Ellora Caves, adorned with rock-cut architecture, are situated near Aurangabad city of Maharashtra. With this article, explore some fun and interesting facts about Ellora Caves of India.

Facts About Ellora Caves

One of the biggest and the most impressive rock temple complexes in the world, Ellora caves are a group of temples that were built between the 5th and the 10th centuries AD and also happen to be a World Heritage Site. These temples are elaborately decorated with paintings and intricate rock carvings that attract tourists from around the world. Ellora caves are one of the best specimens of rock-cut architecture in India. They are situated at a distance of approximately 30 km from Aurangabad, a city in Maharashtra. The caves represent one of the largest rock-hewn monastic-temple complexes in the world. Of the 34 famous caves at Ellora, caves 1 to 12 belong to Buddhism, 13 to 29 are Brahmanical (Hindu) caves and the rest - caves 30 to 34 are Jaina (Jain). In case you want to know more about Ellora caves, make use of the fun and interesting facts provided below.
Ellora Caves
Fast Facts
Location: Aurangabad, Maharashtra
Built In: 5th-10th Century AD
Dynasty: Rashtrakuta
Highlight: Largest rock monastic temple complex in the world, World Heritage Site
Other names: ‘Verul Leni’, ‘Ellooru’
Interesting & Fun Facts About Ellora Caves
  • Ellora caves are locally known as ‘Verul Leni’.
  • The Great Kailasa (Cave 16) at Ellora boasts of being the largest single monolithic excavation in the world.
  • Ellora caves have been hewn out of the volcanic basaltic formation of Maharashtra, known as ‘Deccan Trap’.
  • The caves are datable from circa 6th-7th century A.D. to 11th-12th century AD.
  • The hills that have served as the venue of Ellora caves form a part of the Sahyadri ranges of the Deccan. These ranges date back to Cretaceous era of the Geological time scale (about 65 million years ago).
  • There is inscriptional evidence related to Rashtrakuta Dynasty, on the back wall of the front mandapa of Cave 15.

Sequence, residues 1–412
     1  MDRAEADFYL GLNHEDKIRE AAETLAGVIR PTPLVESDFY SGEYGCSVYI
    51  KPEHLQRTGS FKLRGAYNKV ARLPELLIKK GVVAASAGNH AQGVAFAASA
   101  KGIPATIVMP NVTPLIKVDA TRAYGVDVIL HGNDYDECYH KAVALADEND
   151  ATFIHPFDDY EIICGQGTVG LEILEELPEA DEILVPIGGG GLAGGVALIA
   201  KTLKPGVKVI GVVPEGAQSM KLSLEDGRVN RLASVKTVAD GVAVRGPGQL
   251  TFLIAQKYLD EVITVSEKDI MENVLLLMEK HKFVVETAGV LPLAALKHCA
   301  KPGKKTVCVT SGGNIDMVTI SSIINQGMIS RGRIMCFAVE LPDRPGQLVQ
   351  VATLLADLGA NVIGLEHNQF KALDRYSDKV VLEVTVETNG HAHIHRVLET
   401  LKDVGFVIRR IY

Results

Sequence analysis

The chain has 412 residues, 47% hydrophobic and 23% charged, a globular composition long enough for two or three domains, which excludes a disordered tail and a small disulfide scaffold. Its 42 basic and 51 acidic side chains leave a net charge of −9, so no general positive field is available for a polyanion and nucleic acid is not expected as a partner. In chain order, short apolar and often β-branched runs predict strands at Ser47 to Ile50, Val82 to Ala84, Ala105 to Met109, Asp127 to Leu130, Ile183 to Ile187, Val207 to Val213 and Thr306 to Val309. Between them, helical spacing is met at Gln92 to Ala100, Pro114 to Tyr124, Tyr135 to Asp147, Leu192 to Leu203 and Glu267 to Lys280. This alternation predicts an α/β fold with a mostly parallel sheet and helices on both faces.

• The earliest Buddhist cave is Cave 6, which was constructed from 630-700.
  • The Great Kailasa (Cave 16) is attributed to Krishna I (c. 757-83 A.D.), the successor and uncle of Rashtrakuta Dantidurga.
  • Caves 1 to 10 and Cave 21 (Ramesvara) are generally attributed to the Kalachuris of Mahismati.
  • Brahmanical caves and two Buddhist caves (caves 11 and 12) are attributed to the Rashtrakuta times.
  • The style of execution and fragmentary inscriptions of the Jaina caves hint to their origin being post the reign of Rashtrakutas.
  • Ellora caves are open from sunrise to sunset all days of the week, except, Tuesday.
  • The Great Kailasa is a freestanding, multi-storied temple complex, built to resemble Mount Kailasa - the abode of Lord Shiva.
  • Dashavatara cave (Cave 15) at Ellora depicts the ten avataras of Lord Vishnu.
  • The entrance of Ramesvara cave (Cave 21) is adorned with figurines of River Goddesses - Ganga and Yamuna.
  • The design of Dhumar Lena (Cave 29) is similar to the cave temple on Elephanta Island, near Mumbai.
  • Buddhist caves mostly consist of viharas or monasteries, which include living quarters, sleeping quarters, kitchens, and other rooms.
  • Vishwakarma cave (Buddhist cave 10) is also known as "Carpenter's Cave" and houses a 15 foot statue of Buddha, seated in a preaching pose.
  • Amongst all Buddhist caves, the first nine (caves 1-9) are monasteries, while the last two - Do Tal (cave 11) and Tin Tal (cave 12) have three stories.
  • The Jain caves at Ellora stand adorned with exceptionally detailed art works and rich paintings on the walls and the ceilings; some of which are still visible.
  • Chhota Kailash (cave 30), Indra Sabha (cave 32) and Jagannath Sabha (cave 33) are the most remarkable Jain caves.
  • Ellora caves, in combination with Ajanta caves, have been declared a UNESCO World Heritage Site.
  • The Hindu caves were constructed during the Kalachuri period from the 6th century to the end of the 8th century. Most of these temples contained scriptures and wall carvings depicting the wedding rituals of Goddess Parvati and Lord Shiva.

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